Is Narmada water being made to flow in Sabarmati not supplied to city of Ahmedabad? This has furthered the idea of river...
I have been selling glass for commercial buildings talking about light, thermal/solar heat gain etc.etc..but I...
Dear Saxena ji,
Thank you for inquiry.
West facing windows can be a big source of heat, first measure which you...
the island village of Divar, about 6 km from Panaji, Goa, is under serious ecological threat due to the damage to bunds . Bunds are the protective river-side walls which were built centuries ago to protect the low-lying land that was submerged during high tides.
In some areas, the broken bunds have allowed the seepage of saline water far inshore. It has not only affected agricultural and horticultural operations, but drinking water too -- in some cases well water too has turned salty. During high tides, the impact of the broken bunds is more visible, as large areas of the village get submerged. "This has never happened for centuries, when the bunds were maintained by the villagers. Now we are literally sinking," says Luis deSouza, a resident of Divar.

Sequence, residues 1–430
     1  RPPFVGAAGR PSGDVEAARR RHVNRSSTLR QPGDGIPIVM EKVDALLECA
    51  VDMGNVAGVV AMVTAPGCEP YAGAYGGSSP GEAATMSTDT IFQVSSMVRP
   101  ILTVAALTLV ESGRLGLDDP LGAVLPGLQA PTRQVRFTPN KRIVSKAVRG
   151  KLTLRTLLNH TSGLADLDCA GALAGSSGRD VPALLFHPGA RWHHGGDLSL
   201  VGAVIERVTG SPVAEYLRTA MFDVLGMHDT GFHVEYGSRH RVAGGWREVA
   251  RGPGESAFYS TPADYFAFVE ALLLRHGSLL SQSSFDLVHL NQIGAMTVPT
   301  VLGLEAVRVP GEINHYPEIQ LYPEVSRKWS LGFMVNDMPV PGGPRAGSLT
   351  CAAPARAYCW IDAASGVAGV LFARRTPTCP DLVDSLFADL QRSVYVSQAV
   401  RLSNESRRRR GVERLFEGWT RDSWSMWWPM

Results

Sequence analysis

However, it is not clear what is causing the weakening of the bunds. Some experts believe that the major cause for this could be the coffer dams, which were erected during the construction of the two Konkan Railway bridges over the Mandovi river. After the building of these bridges, the coffer dams were not removed. As a result these could be functioning as artificial dams, holding water during the tides and thus weakening the bunds along the river. Divar stands prominently mid-course of the Mandovi river in Karnataka. Experts say that the other reasons need to be adequately studied.
The villagers have complained to the Goa Environmental Forum, an umbrella body of green groups in the state. They say that large parts of the island, specially paddy and vegetable growing areas are now being inundated by salt water, thus threatening farming operations.